When we first meet Rosemary, she's working for SuperWally in a helpdesk role based out of her bedroom. She was still young when things went down and her parents retreated to an isolated farm to keep themselves and her safe. She's grown up, like many, living virtually through Hoodspace. She likes music and is blown away by a Patent Medicine gig, even though she's experiencing it in Hoodspace, in a virtual crowd being entertained by projected holograms. The band is playing in a StageLiveHolo warehouse to no audience at all but are being simultaneously broadcast to many virtual locations. She promptly finds a job with SLH, becoming an artist recruiter, someone who travels around to find bands for SLH to sign.
Initially, we alternate chapters between Luce and Rosemary, gradually seeing that we're not following the same timeline. Years pass for Luce, who we meet Before and follow through all the troubles to the modern dystopia. Rosemary, on the other hand, doesn't even remember Before, and has been shaped by an isolated upbringing. She has a panic attack when she realises that she's in a crowd at 2020 and she's shocked to discover that there are people who eat, drink or just sit next to other people.
Of course, they meet, as part one gives way to part two, Rosemary travelling to Baltimore on a musician's suggestion that she'll find good bands at 2020. While I enjoyed the worldbuilding and character building of the first part, I was blown away by the second. As a musician and fan herself, as well as a writer, Pinsker understands the joy of discovery and it's everywhere here.
I absolutely revelled in how Rosemary finds whole worlds opening up to her, not just bands actually playing live in front of physical people, but whole mindsets that contradict everything she'd been brought up to believe. She's immersed in a world where creation is valued and shared. The contrasts here aren't merely live vs. virtual but also independent vs. mainstream, personal vs. commercial, free vs. safe and real vs. artificial.
If I loved part one and adored part two, I liked part three, in which we're led towards an ending that's also a beginning for both Luce and Rosemary. I think it's the right ending, but there's so much build here that any ending is going to be disappointing. Sure, there's a rise/fall/rise for both these characters and for the country they live in, but the real rise is what comes next, not only for the fictional world Pinsker has created but for us in the real one.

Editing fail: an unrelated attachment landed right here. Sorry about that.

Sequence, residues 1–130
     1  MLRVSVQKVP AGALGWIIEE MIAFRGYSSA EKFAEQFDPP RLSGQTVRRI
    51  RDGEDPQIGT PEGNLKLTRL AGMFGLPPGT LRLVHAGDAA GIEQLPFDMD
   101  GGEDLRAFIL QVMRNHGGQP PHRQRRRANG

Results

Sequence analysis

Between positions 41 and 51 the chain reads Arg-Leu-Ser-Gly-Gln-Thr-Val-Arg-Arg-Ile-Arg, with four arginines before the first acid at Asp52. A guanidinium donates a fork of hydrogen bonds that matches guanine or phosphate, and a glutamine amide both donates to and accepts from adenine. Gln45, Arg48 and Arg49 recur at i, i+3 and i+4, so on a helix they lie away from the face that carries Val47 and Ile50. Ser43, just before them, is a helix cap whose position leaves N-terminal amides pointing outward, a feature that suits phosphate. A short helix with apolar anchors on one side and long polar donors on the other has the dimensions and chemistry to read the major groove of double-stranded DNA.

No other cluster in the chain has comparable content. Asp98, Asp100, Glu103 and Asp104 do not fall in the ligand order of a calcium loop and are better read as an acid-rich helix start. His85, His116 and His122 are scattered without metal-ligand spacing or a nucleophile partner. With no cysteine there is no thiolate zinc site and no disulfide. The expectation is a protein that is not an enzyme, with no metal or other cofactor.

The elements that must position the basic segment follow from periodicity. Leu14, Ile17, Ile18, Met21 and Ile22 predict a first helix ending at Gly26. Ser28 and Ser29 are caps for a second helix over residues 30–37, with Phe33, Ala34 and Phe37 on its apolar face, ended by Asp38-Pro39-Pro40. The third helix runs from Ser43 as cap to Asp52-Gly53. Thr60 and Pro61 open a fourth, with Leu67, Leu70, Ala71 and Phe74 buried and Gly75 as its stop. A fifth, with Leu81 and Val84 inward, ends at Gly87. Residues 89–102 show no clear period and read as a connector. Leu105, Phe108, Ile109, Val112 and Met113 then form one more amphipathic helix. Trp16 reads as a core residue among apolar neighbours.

I've never wanted to jump immediately into a sequel more than this in my life but we're the sequel. Luce's manifesto doesn't just apply to the small towns in this dystopian America. It applies to us right here right now and we should be listening.
There's much more I want to talk about here, from twisted corporate business models that ring very true indeed to the technological trends that backed it all into a controlled corner, via the musical bodymod community. For a novel that's fundamentally social in nature and speaks mostly to artistic freedom, there's a lot of science fiction hiding in plain sight.
And, as a music critic, I want to know how fictional some of these fictional musicians are because they're magnetic in supporting roles. I want to hear Mary Hastings, the elderly black woman who works in the diner up the street but loops incredible solo instrumental music at 2020. I want to hear Laurian who plays Appalachian murder ballads on her banjo in the Asheville streets with a huge dog curled up at her feet. I even want to hear the zoukhop of Margritte, even if she's sold out to SLH.
Sadly, Pinsker lives in Maryland, so isn't likely to be on a panel anywhere I'm going to be at any time soon. ~~ Hal C F Astell